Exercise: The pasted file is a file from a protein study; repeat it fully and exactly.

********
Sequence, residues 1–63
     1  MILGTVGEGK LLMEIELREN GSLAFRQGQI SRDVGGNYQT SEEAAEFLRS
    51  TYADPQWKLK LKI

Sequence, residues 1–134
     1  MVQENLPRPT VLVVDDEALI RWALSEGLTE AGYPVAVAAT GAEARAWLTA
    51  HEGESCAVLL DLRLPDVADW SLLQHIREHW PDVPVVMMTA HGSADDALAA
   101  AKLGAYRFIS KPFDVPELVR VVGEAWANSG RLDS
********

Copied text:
Sequence, residues 1–63
     1  MILGTVGEGK LLMEIELREN GSLAFRQGQI SRDVGGNYQT SEEAAEFLRS
    51  TYADPQWKLK LKI

Sequence, residues 1–134
     1  MVQENLPRPT VLVVDDEALI RWALSEGLTE AGYPVAVAAT GAEARAWLTA
    51  HEGESCAVLL DLRLPDVADW SLLQHIREHW PDVPVVMMTA HGSADDALAA
   101  AKLGAYRFIS KPFDVPELVR VVGEAWANSG RLDS